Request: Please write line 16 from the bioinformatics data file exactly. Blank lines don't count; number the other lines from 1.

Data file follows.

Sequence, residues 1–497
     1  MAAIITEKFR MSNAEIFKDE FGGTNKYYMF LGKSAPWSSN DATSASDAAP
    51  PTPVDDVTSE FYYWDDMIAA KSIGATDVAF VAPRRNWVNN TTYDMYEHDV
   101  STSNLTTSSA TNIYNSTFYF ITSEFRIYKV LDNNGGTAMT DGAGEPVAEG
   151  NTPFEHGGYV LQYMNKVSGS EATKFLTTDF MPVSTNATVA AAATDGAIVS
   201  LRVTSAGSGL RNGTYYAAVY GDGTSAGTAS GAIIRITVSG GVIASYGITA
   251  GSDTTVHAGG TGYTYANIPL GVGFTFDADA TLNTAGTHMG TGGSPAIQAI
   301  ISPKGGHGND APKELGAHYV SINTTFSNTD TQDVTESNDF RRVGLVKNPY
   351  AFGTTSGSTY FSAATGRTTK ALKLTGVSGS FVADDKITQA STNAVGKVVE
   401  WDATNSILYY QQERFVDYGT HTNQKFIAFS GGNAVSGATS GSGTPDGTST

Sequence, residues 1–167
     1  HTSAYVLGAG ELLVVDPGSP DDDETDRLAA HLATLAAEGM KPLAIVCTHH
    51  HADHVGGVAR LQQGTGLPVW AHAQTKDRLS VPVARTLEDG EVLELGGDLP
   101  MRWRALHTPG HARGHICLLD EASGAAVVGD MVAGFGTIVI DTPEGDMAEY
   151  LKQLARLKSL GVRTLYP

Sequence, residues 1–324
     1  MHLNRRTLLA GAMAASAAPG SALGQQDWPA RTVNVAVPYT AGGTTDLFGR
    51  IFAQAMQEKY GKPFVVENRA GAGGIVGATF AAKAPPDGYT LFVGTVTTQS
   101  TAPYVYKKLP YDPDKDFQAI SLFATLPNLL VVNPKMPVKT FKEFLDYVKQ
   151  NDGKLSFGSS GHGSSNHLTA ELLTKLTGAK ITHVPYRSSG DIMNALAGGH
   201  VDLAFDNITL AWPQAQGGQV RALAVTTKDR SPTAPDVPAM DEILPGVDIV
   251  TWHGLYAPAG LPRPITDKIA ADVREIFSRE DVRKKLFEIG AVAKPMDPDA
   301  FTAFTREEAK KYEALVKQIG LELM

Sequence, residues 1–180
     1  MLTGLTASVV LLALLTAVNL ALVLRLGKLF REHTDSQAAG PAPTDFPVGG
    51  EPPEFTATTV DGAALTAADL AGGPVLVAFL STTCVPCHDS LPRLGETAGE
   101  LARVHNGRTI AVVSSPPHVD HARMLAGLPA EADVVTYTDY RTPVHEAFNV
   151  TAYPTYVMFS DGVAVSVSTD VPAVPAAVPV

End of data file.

Sequence, residues 1–324